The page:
Rian Johnson Murders the Prequels – A Spoiler Soaked Review of the Last Jedi

So, so many spoilers but they are all after the fold. Don’t read this if you haven’t seen the film because it really focuses on the bits that will spoil. Also, this is longggg.

I straight-forwardly enjoyed The Last Jedi: it was fun sci-fi action with good acting, good effects and interesting characters. It isn’t a flawless film but if you after flawless films then why are you watching episode 8 of a serial space-opera?

So what is the hate about? In case you were not aware there has been some vehement dislike of The Last Jedi – more than people expected. A fan backlash or a Sad Puppy like hate campaign?

For reasons I’d struggle to explain I went and read a chunk of bad viewer reviews on Rotten Tomatoes. There is no foolproof way of separating out the genuine reviews from the ideologically motivated but it is possible to infer that multiple motives inspire dislike of a film because they can be observed in other films and other parts of fandom.

Here’s my list:

  • The film just doesn’t work for some people. We know that is the case because not every film is going to work for everybody.
  • People’s natural varying tolerance for the genuine flaws in the film (which I’ll get to).
  • The inevitable dislike within a fandom of the new thing – there is a perpetual tension among fans between wanting new content and the intrusion of new content into a fandom. New content results in a loss of control within a fandom from fans to the owners of the IP.
  • Related to that last point – something I’m going to call ‘Prequelism’. I’ll explain this below.

Those three points are the non-partisan objections I noted (not an exhaustive list). The partisan ones follow below.

  • A visceral dislike of some of the more left-leaning themes in the film from people on the right. The right has always been happy to cast themselves as ‘rebels’, using American Revolution and Confederate history to appropriate rebellion against tyranny as somehow being a rightwing virtue. The Last Jedi is not some leftwing polemic but it is just a bit more overtly left than the previous films. That extra left-nudge and the current political environment makes the mapping of Empire->Right, Resistance->Left just that bit stronger as a reading.
  • Misogyny. Four important women characters (five if you count Phasma) getting shit done. Lots of nasty stuff being thrown at Rose by the nazi-trolls – which means marginally less whining about Rey. Of course Rose isn’t in anyway Mary Sue-ish (she has no powers and her strength is her personal integrity) so they still whine about her anyway, which sums up how shallow the Rey complaints were.
  • A targetted hate campaign. I don’t want to exaggerate this beyond what can be observed but we know that Vox Day at least already was attacking the film, Disney and Star Wars in general before anybody had seen it. The party line among the alt-right currently is to hate Star Wars. If that means making exact opposite complaints about The Last Jedi to the ones they made about The Force Awakens then that’s what they’ll do. There is essentially no semantic content in that style of the complaint, only in the act of complaining.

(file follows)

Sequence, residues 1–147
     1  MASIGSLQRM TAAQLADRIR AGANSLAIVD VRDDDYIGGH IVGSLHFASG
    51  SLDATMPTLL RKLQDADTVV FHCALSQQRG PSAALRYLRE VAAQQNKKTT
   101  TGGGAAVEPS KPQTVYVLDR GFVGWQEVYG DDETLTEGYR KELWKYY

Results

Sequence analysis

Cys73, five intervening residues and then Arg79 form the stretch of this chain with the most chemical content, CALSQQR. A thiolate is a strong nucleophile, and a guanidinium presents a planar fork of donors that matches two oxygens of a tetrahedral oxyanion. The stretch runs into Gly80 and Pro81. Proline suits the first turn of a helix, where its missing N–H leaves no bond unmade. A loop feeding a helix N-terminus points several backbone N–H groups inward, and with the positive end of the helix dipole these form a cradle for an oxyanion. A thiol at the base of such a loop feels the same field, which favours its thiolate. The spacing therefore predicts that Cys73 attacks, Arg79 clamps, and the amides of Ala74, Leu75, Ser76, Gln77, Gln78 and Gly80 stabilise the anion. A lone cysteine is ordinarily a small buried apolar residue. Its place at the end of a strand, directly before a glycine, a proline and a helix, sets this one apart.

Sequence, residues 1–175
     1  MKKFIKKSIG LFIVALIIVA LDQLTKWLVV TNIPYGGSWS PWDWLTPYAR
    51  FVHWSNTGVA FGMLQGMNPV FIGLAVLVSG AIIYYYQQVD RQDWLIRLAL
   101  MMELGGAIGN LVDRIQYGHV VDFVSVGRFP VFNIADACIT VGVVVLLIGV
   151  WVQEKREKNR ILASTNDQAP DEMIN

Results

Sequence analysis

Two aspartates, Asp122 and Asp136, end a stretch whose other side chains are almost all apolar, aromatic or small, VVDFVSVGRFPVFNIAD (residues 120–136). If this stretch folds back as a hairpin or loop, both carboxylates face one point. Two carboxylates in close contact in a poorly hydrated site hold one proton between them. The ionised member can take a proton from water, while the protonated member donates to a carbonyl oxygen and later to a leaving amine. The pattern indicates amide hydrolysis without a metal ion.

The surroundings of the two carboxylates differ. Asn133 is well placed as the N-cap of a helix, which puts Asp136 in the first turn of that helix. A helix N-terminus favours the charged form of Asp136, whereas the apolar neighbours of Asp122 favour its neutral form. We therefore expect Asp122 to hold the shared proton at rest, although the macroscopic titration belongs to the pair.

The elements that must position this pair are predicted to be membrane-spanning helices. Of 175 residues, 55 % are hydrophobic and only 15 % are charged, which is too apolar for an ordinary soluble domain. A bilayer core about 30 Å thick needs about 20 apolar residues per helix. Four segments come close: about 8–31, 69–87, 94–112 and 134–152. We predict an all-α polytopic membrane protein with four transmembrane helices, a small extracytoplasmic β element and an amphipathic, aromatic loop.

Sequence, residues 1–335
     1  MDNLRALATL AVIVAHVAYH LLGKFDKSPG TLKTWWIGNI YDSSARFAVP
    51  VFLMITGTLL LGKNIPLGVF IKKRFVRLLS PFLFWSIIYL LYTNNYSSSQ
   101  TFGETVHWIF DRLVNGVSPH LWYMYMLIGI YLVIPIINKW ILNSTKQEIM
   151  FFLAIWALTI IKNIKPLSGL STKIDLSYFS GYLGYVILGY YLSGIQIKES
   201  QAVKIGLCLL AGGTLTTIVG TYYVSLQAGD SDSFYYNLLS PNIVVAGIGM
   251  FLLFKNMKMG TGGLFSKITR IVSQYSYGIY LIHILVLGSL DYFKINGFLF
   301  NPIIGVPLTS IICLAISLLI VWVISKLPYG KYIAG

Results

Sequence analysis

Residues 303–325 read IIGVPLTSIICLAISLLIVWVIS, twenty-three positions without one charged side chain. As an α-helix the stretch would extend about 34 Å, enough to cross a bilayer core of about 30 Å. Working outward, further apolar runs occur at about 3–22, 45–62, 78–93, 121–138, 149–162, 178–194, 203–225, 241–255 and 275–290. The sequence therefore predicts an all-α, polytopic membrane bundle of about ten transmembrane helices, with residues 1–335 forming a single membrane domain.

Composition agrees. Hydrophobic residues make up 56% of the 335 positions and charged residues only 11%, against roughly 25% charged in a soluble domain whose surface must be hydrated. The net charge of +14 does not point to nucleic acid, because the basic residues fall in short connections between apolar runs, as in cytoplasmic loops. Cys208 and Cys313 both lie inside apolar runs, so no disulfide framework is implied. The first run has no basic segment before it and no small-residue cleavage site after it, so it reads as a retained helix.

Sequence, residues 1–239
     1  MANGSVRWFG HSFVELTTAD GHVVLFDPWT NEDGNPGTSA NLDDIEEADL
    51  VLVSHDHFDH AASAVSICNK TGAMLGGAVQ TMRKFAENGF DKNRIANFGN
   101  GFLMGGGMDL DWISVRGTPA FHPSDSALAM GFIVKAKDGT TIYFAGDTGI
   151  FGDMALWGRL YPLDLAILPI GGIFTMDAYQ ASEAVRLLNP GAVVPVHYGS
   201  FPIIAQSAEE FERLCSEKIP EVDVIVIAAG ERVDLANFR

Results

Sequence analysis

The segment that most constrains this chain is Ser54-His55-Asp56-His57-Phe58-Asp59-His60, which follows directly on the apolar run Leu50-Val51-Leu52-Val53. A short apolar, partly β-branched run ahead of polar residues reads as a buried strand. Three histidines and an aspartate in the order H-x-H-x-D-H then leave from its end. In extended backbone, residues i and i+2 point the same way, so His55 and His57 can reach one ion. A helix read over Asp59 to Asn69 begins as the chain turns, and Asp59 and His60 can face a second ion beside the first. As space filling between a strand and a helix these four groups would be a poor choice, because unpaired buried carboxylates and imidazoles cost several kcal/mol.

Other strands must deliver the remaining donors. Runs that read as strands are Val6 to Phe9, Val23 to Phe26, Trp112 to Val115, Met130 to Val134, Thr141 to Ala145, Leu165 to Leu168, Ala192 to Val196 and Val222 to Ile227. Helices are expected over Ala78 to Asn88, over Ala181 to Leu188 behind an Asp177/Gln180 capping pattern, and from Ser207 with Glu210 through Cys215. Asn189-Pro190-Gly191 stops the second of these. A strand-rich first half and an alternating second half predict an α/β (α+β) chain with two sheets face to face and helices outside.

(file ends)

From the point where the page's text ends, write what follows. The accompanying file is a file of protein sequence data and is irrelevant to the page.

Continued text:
I won’t waste more time on the partisan complaints – I’ve looked at how the alt-right functions enough times now that the playbook is obvious.

Returning to the first three styles of the complaint, I’d like to focus on what I’m calling Prequelism. The Star Wars prequels (episodes 1 to 3, spanning the start of this century) are largely regarded as inferior. Even so, they are Star Wars and they were widely watched and I know I’m not the only person to have re-watched them several times. Regardless of their flaws, they have shaped people’s expectations of how a Star Wars film should be.

The Last Jedi has been accused of throwing away the past but it is worth asking: which past?

Take one surprising moment.

Kylo Ren has captured Rey after Rey intentionally seeks him out in the hope of turning him from the dark side of the force. Ren takes Rey to Supreme Commander Snoke – who uses his dark side powers against Rey.

Note that The Last Jedi is quite overtly referencing The Return of the Jedi. Johnson is being quite conventional here, in much the same way that J.J.Abrams took elements of the original trilogy and gave them a new spin in The Force Awakens. I’ve read at least one positive review that says that The Last Jedi *avoids* doing this kind of referencing but this simply isn’t true. Instead, Johnson makes intentional use of our expectations to create surprises. What happens next?

Snoke has Rey trapped in the grip of his force powers. He demands that Kylo Ren strikes her down. Ren hesitates but Snoke describes step by step what he should do. WOOSH! From a distance Kylo Ren activates Rey’s lightsabre which was sitting next to Snoke, cutting Snoke in two.

Again note that is what the audience should EXPECT to happen based on what we know happens in the analogue scene in The Return of the Jedi. The twist is that Kylo Ren does not then turn into a good guy but (once the guards are dispatched) attempts to convince Rey to rule with him – an echo of The Empire Strikes Back.

Why is this scene in particular discombobulating?

  • Johnson cleverly uses The Return of the Jedi elements at a position that unbalances the audience. It is unbalancing because of the familiarity which points to the climax of a final film not a mid-point plot twist of a middle film.